Statoil and partners submitted today the Plan for Development and Operation for the Byrding North Sea field to government authorities.
According to a statement issued by Statoil, capital expenditures are estimated at approximately NOK 1 billion (£92.6 million) with recoverable volumes of around 11 million barrels of oil equivalent (boe).
“This is another example of a new discovery being realised through existing infrastructure,” Statoil’s senior vice president for project development, Torget Rød, said.
Statoil Submits North Sea Field Development Plan
The Byrding development includes a duo-lateral well drilled from the existing Fram H-Nord subsea template.
Oil and gas from Byrding will flow through this subsea template to Troll C.
From there, it will be piped through existing pipelines to Mongstad and Kollnes, respectively, the company informed.
Byrding Oil and Gas Will Flow From a Subsea Template to Troll C
“Byrding shows that successful improvement efforts in Statoil, and in this case particularly within drilling and well, allow new development projects to be realised,” Rød added.
The capital expenditure on the project was reduced from an initial estimate of approximately NOK 3.5 billion (£324.14 million) to the current estimate of approximately £92.6 million.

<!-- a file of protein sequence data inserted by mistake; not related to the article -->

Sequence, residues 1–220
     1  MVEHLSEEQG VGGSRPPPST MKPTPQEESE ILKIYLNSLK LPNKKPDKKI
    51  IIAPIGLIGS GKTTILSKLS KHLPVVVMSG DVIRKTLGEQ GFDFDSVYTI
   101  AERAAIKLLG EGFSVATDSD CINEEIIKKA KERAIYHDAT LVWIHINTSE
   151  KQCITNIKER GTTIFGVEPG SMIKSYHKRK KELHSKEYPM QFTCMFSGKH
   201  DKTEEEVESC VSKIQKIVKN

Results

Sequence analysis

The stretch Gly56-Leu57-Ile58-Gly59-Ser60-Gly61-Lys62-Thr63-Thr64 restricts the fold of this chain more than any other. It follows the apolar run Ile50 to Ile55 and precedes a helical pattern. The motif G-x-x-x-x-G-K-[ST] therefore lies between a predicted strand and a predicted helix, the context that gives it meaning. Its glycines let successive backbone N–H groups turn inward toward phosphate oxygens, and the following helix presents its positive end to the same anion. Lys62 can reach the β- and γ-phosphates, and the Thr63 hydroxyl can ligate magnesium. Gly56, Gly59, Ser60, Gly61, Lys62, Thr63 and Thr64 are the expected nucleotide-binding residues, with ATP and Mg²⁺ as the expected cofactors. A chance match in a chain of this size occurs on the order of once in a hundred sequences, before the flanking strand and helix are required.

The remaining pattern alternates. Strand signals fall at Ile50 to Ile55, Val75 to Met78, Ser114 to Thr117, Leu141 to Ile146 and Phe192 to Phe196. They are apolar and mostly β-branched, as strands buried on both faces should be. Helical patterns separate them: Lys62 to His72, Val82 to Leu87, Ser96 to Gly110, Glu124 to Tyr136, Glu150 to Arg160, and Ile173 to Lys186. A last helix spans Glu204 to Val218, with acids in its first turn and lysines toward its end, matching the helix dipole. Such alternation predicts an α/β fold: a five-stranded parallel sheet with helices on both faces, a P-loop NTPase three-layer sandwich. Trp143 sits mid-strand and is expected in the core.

Byrding Costs Reduced with Existing Infrastructure
The well to be drilled is approximately seven kilometres (4.34 miles) long and the first miles are shared by the two laterals of the well.
The field is scheduled to come on stream in the third quarter of 2017 and is expected to remain on stream for eight to ten years, according to the plan.
“Combined with the use of an available well slot in existing subsea template, this reduces the costs of the project substantially. The project is profitable also in the current oil price environment,” the Statoil executive explained further.
“Byrding will add new profitable volumes from the Troll/Fram area, boosting the activity and production on the Troll C platform,” Statoil’s senior vice president for Operations West, Gunnar Nakken, said.Last updated on 10:16AM - 21/08/16